WASHINGTON — A new report to be released today shows that the lack of health insurance is a much more widespread problem than formerly believed, with roughly 75 million non-elderly Americans -- nearly 1 in 3 -- going without coverage for some period during the last two years.
The report, published by the Robert Wood Johnson Foundation, is the latest in a series of government and private studies to show that rising health-care costs, a weakening economy and state budget deficits are leaving more Americans without basic health coverage.
Using data collected by the Census Bureau, the report found that almost two-thirds of those who lacked insurance sometime in 2001 or 2002 were uninsured for at least six months. One-quarter -- or roughly 18 million people -- had no health insurance for the two-year period.
Nearly 4 in 5 of those lacking health insurance were in the labor force or had at least one parent who was employed.
California had more uninsured individuals -- 11.1 million -- than any other state. Its proportion of the uninsured non-elderly -- 35.5% -- was higher than the national average.
"The uninsured problem is no longer an issue of altruism for other people," Ron Pollack, executive director of Families USA, said Tuesday. "Now it is an issue of self-interest for us all."
The finding that 30.1% of non-elderly Americans went without health insurance for some part of the two-year period is considerably higher than the latest official government estimate.
The most recent report by the Census Bureau, released in September, found that 41.2 million Americans -- or 14.6% of the population -- had no health coverage for any part of 2001.
The Robert Wood Johnson report, prepared by the advocacy group Families USA, sheds new light on the problem by using additional and more recent Census Bureau data to calculate the number of Americans who had gone without health insurance for any length of time over two years.
Last year, the Census Bureau said the first jump in the uninsured rate in three years was largely because of a decline in the proportion of Americans who got health coverage through their own job or that of a family member.
The Census Bureau cautioned at the time that, if not for increased enrollment in Medicaid and the State Children's Health Insurance Program, the number of Americans uninsured in 2001 would have been much higher.
Since then, however, the safety net offered by those public health programs for the poor has been shrinking. Last year, 26 states cut Medicaid benefits, and 42 states have said they will cut benefits this year.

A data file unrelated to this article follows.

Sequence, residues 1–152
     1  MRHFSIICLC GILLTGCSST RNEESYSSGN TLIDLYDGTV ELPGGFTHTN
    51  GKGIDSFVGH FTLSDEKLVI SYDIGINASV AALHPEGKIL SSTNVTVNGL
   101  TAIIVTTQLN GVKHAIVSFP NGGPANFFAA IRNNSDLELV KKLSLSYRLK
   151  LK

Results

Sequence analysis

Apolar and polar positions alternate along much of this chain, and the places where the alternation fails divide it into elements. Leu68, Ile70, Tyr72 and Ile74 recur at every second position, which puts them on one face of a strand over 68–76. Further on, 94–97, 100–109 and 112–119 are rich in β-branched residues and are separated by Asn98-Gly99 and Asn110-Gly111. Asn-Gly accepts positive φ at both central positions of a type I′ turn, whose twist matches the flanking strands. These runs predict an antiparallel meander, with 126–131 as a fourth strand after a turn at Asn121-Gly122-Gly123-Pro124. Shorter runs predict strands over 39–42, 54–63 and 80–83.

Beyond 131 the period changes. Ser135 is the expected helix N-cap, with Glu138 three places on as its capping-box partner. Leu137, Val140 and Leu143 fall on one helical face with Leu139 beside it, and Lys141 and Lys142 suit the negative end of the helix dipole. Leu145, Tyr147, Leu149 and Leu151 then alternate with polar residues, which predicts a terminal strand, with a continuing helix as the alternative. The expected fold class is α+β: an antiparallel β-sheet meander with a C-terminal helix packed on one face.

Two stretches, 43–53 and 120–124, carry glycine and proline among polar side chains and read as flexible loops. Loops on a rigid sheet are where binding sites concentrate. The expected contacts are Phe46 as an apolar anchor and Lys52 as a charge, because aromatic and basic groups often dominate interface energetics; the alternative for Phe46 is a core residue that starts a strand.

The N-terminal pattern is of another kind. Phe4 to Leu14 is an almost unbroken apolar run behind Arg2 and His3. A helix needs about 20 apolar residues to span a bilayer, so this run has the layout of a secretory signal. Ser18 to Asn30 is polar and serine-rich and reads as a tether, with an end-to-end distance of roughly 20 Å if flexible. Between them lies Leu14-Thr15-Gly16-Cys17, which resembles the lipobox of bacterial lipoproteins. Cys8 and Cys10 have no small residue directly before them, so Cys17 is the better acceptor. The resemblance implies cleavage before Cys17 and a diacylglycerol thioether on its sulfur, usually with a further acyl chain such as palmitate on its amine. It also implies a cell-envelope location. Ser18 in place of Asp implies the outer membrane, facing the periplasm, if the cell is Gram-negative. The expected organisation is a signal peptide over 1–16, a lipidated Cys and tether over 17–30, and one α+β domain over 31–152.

Today's release of the report is designed to launch scores of town hall meetings, teach-ins, health fairs, business meetings and interfaith events next week designed to draw attention to the problem.
"Cover the Uninsured Week" is sponsored by three health-care philanthropies -- the Robert Wood Johnson Foundation, the California Endowment and the W.K. Kellogg Foundation -- as well a collection of health-care, business, labor and consumer groups from across the political spectrum.
They include the U.S. Chamber of Commerce, the AFL-CIO and several other labor unions, the American Medical Assn., AARP and the Health Insurance Assn.
Several television shows also have gotten into the act. Coming episodes of NBC's "ER," "Law and Order: SVU," and "Passions," as well as Lifetime's "Strong Medicine," will highlight problems caused by the lack of health insurance.
And the American Assn. of Health Plans, the HMO trade group, has launched an advertising campaign in movie theaters. "By the end of this movie," its ads say, "another 465 Americans will lose their health insurance because of runaway costs."
Every year, Congress considers numerous proposals designed to give more Americans access to health insurance. Until now, however, they have succumbed to political opposition or gridlock.
Pollack said Tuesday that he hoped the new information about the uninsured Americans would move the country toward "a tipping point that will require real and meaningful political action."
Pollack also found hope in the number of disparate groups that agree something must be done.
Until now, he said, "each group came with its top-priority proposal," and "every organization's second-favorite choice was the status quo."
"But now, organizations are starting to say they have to find other alternatives.... They're realizing they have to compromise," Pollack said. "They're saying business as usual should no longer continue."
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Number of uninsured: The article states inaccurately that 41.2 million Americans had no health coverage for any part of 2001. The figure, based on Census Bureau data, refers to the number of people in America and does not specify whether they are citizens.
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